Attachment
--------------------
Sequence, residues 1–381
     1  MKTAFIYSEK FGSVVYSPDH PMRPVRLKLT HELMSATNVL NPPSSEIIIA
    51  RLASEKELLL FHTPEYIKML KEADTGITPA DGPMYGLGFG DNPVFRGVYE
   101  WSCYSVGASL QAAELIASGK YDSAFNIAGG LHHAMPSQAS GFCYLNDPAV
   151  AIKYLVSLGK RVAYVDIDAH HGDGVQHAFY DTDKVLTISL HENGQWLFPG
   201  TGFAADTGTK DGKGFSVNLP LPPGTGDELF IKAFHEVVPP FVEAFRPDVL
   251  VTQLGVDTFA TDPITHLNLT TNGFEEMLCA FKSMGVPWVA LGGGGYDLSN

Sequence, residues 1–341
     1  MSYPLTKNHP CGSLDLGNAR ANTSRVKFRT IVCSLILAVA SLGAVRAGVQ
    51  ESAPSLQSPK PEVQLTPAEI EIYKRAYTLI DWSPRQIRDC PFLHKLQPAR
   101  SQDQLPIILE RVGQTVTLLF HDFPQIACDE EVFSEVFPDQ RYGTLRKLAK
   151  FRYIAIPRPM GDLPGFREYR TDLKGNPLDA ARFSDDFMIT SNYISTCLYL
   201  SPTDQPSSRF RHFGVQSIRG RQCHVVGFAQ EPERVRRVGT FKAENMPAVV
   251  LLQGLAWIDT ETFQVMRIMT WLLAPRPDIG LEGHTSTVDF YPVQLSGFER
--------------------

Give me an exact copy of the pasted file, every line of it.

Sequence, residues 1–381
     1  MKTAFIYSEK FGSVVYSPDH PMRPVRLKLT HELMSATNVL NPPSSEIIIA
    51  RLASEKELLL FHTPEYIKML KEADTGITPA DGPMYGLGFG DNPVFRGVYE
   101  WSCYSVGASL QAAELIASGK YDSAFNIAGG LHHAMPSQAS GFCYLNDPAV
   151  AIKYLVSLGK RVAYVDIDAH HGDGVQHAFY DTDKVLTISL HENGQWLFPG
   201  TGFAADTGTK DGKGFSVNLP LPPGTGDELF IKAFHEVVPP FVEAFRPDVL
   251  VTQLGVDTFA TDPITHLNLT TNGFEEMLCA FKSMGVPWVA LGGGGYDLSN

Sequence, residues 1–341
     1  MSYPLTKNHP CGSLDLGNAR ANTSRVKFRT IVCSLILAVA SLGAVRAGVQ
    51  ESAPSLQSPK PEVQLTPAEI EIYKRAYTLI DWSPRQIRDC PFLHKLQPAR
   101  SQDQLPIILE RVGQTVTLLF HDFPQIACDE EVFSEVFPDQ RYGTLRKLAK
   151  FRYIAIPRPM GDLPGFREYR TDLKGNPLDA ARFSDDFMIT SNYISTCLYL
   201  SPTDQPSSRF RHFGVQSIRG RQCHVVGFAQ EPERVRRVGT FKAENMPAVV
   251  LLQGLAWIDT ETFQVMRIMT WLLAPRPDIG LEGHTSTVDF YPVQLSGFER